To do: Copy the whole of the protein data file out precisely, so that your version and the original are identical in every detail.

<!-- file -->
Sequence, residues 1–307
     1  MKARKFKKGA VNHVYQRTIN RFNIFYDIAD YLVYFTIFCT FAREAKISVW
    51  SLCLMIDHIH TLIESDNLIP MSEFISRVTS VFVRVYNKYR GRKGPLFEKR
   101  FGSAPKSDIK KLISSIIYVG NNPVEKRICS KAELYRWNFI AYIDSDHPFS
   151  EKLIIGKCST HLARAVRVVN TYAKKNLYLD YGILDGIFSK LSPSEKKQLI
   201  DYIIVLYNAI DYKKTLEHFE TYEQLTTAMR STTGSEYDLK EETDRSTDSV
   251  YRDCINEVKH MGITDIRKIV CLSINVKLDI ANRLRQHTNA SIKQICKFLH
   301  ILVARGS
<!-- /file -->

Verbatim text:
Sequence, residues 1–307
     1  MKARKFKKGA VNHVYQRTIN RFNIFYDIAD YLVYFTIFCT FAREAKISVW
    51  SLCLMIDHIH TLIESDNLIP MSEFISRVTS VFVRVYNKYR GRKGPLFEKR
   101  FGSAPKSDIK KLISSIIYVG NNPVEKRICS KAELYRWNFI AYIDSDHPFS
   151  EKLIIGKCST HLARAVRVVN TYAKKNLYLD YGILDGIFSK LSPSEKKQLI
   201  DYIIVLYNAI DYKKTLEHFE TYEQLTTAMR STTGSEYDLK EETDRSTDSV
   251  YRDCINEVKH MGITDIRKIV CLSINVKLDI ANRLRQHTNA SIKQICKFLH
   301  ILVARGS